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Jenny Cudd’s Pre- and Post-Riot Endorsement of a Revolution

Jenny Cudd and Eliel Rosa were charged with trespassing together by complaint on January 12 and arrested on January 13. The arrest affidavit tracked how the two of them walked together through the Capitol.

  • At approximately 2:35 p.m., Jenny Louise Cudd and Eliel Rosa, enter the U.S. Capitol via Upper West Terrace Door.
  • At approximately 2:36 p.m., Jenny Louise Cudd and Eliel Rosa are observed inside the Rotunda of the U.S. Capitol from the west side doorway that leads into the Rotunda. They are observed remaining inside the Rotunda until approximately 2:39 p.m. They are further observed taking pictures of the Rotunda and the surrounding area.
  • At approximately 2:39 p.m., Jenny Louise Cudd and Eliel Rosa are observed walking across the Statuary Hall area of the U.S. Capitol.
  • At approximately 2:40 p.m., Jenny Louise Cudd and Eliel Rosa are observed walking the Statuary Hall Connector and moves off camera at approximately 2:42 p.m.
  • At approximately 2:43 p.m., Jenny Louise Cudd and Eliel Rosa are observed departing from a large crowd inside the U.S. Capitol in front of the Main Door of the House Chamber and walks east toward the staircase.
  • Jenny Louise Cudd and Eliel Rosa are subsequently observed walking past the staircase and is further observed walking past the Upper House Door, going toward the other entrance to the House Chamber
  • Jenny Louise Cudd and Eliel Rosa are observed at approximately 2:54 p.m. at the Upper House Door and further observed departing the U.S. Capitol.

It described how Cudd filmed a video at the Willard after she returned, boasting that she was present when, “the new revolution started at the Capitol.”

Jenny Cudd stated on the Facebook video that she was at the Willard Hotel, located on 1401 Pennsylvania Ave. NW, Washington D.C. 20004. During the course of the video she made the following comments to confirm the location and date of the video recording, “I am sitting in front of the Willard Hotel, as I always do when I am in DC protesting,” and “I was here today on January 6th when the new revolution started at the Capitol.”

It further described an interview Cudd did a few days later, boasting of her actions.

On January 8, 2021, Jenny Louise Cudd participated in an interview with a local news station in which she describes her actions on January 6, 2021, in Washington D.C., to include her admission of entering the U.S. Capitol on the same date. Specifically, Jenny Louise Cudd states during her interview she stated the following, “we walked up the steps and walked inside an open door (referring to the U.S. Capitol).” Jenny Louise Cudd further stated, “we the Patriots did storm the U.S. Capitol.” She added in reference to entering the U.S. Capitol, “Yes, I would absolutely do it again.”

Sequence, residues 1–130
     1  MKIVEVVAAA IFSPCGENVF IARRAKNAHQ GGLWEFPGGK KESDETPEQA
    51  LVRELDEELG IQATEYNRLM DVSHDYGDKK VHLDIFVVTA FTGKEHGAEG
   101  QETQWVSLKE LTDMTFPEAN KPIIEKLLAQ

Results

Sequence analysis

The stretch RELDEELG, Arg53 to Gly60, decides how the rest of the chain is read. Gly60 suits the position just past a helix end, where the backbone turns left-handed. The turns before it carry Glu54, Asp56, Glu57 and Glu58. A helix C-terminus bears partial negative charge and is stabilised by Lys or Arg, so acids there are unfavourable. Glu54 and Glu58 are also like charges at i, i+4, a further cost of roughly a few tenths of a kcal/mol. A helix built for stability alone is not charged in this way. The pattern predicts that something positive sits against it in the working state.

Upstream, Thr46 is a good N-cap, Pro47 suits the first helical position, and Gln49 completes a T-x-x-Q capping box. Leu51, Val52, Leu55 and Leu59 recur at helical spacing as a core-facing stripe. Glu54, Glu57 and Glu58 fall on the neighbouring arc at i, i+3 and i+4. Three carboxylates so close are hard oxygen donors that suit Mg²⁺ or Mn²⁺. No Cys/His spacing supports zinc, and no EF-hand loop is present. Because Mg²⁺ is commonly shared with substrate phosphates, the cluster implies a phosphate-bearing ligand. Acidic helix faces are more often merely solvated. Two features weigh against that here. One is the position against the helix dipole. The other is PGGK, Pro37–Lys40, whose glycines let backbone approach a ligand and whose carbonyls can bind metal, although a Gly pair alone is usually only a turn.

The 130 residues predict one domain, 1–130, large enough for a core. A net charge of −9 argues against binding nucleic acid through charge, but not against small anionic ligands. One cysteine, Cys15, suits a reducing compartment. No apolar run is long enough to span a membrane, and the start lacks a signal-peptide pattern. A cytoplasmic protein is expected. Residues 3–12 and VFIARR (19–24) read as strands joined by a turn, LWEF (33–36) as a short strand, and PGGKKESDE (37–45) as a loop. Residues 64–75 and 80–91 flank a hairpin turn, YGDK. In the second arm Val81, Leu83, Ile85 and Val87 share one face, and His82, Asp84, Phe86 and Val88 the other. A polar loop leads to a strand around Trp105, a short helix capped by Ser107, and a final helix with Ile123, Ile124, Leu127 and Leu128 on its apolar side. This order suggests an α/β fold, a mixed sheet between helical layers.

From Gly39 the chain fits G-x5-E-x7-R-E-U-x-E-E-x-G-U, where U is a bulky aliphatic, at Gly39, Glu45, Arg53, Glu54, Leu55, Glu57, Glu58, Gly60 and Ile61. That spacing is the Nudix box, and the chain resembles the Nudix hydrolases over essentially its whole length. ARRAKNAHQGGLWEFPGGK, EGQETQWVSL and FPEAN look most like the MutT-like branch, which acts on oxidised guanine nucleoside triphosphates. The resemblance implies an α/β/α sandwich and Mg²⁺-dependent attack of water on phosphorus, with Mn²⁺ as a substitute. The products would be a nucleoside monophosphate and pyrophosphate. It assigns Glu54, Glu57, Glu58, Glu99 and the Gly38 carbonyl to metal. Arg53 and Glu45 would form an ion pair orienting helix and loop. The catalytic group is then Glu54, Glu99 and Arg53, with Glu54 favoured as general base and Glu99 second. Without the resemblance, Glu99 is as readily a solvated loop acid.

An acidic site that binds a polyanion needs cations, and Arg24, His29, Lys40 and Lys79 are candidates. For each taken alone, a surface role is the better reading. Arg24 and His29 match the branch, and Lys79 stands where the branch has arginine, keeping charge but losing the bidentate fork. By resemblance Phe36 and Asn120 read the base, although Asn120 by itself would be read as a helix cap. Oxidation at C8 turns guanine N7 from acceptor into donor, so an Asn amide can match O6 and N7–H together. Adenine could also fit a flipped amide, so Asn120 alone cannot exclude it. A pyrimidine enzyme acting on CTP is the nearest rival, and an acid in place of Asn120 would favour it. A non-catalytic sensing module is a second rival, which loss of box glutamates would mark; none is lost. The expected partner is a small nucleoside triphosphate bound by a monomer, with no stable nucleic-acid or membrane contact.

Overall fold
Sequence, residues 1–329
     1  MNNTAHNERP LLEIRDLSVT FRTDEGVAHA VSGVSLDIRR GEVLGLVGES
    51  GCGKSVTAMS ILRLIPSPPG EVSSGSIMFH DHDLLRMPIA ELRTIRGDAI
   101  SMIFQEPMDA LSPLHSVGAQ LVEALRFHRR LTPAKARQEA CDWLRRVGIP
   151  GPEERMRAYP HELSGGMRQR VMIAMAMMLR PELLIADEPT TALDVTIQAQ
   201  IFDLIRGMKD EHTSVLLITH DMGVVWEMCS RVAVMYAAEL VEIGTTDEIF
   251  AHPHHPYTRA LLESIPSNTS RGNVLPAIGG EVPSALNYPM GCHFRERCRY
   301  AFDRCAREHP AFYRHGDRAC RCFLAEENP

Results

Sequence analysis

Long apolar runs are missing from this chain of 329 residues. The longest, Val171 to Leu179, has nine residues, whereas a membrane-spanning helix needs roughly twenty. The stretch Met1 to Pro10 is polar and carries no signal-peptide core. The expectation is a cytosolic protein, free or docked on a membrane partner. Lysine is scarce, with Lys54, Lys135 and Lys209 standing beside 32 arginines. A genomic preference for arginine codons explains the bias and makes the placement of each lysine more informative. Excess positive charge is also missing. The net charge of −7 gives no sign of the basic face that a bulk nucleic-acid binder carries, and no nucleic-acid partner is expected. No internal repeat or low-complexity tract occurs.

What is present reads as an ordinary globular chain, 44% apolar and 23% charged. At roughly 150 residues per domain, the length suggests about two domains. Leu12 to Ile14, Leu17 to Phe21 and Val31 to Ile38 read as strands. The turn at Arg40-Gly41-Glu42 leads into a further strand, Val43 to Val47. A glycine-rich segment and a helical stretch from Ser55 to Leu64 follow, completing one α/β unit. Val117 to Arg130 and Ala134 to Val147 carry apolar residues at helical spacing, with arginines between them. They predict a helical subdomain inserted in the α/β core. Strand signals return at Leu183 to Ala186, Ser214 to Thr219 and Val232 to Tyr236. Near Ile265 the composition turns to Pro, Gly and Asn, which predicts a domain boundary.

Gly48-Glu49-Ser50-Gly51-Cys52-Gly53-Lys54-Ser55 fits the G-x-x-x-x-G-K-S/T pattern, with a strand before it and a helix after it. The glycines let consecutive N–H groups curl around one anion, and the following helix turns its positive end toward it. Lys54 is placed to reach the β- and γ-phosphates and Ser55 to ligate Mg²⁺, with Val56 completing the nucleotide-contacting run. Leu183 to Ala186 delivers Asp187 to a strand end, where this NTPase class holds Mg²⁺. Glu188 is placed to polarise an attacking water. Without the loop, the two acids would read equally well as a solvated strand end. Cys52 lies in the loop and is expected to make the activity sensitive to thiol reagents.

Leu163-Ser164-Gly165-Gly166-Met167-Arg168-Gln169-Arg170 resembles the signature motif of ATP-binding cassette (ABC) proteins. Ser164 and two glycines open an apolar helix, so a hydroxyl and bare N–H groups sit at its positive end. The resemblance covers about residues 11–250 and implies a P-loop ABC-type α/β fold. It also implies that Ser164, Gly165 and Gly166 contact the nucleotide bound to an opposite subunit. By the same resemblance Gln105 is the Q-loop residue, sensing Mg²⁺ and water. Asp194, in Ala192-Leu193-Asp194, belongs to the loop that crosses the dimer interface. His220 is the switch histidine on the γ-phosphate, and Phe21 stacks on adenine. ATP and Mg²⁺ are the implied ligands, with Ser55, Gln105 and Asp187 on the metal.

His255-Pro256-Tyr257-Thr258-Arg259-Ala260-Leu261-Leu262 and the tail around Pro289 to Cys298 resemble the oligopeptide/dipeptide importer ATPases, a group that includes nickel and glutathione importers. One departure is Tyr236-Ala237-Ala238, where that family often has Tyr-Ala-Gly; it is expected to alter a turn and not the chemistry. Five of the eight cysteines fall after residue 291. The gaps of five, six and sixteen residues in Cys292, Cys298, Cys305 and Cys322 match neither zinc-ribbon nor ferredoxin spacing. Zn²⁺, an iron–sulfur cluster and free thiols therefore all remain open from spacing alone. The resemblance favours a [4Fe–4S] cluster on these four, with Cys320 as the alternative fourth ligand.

As the arrest affidavit notes, the FBI also interviewed Rosa before arresting the two of them. He confirmed that the two of them had, indeed, entered the Capitol on January 6.

On January 8, 2021, Eliel Rosa was interviewed by the FBI in Midland, Texas. During the interview, Eliel Rosa admitted that he and Jenny Louise Cudd had entered the U.S. Capitol on January 6, 2021.

The arrest affidavit focused entirely on events of January 6 and thereafter. And while both Cudd and Rosa were implicated in trespassing, the most damning evidence in the affidavit came from Cudd’s own description of their activity.

On February 3, they were both indicted with their original trespassing charges, as well as obstruction of the vote count and abetting such obstruction.

In March, Cudd moved to sever her case from that of Rosa, arguing in part that by charging them together, the government was attempting, “to create the appearance of a conspiracy or plan.” Specifically, though, Cudd wanted to sever her case from Rosa’s both to prevent his voluntary statement to the FBI from being presented against her, but also to ensure she could cross-examine him to get him to verify that she had no corrupt plan to disrupt the vote count.

Ms. Cudd will seek Mr. Rosa’s exculpatory testimony to show that there was no advance plan for Ms. Cudd to walk into the Capitol, that Ms. Cudd was not aware they were breaking the law by walking around inside, that Ms. Cudd did not act “corruptly,” that Ms. Cudd did not “picket,” that Ms. Cudd was not “disorderly,” that Ms. Cudd did not have the intent to commit any of the offenses alleged, and, more generally and most importantly, to show that Ms. Cudd did not commit any of the offenses of which she is accused. Mr. Rosa’s testimony would support reasonable doubt for each count of the Indictment. Furthermore, Ms. Cudd would be able to examine Mr. Rosa on redirect, to place any government cross examination into context for the fact finder.

In the government response, they largely recited the same facts shown in the arrest affidavit, then noted that Cudd and Rosa traveled from Midland, TX, stayed at the same hotel, and traveled through the Capitol together.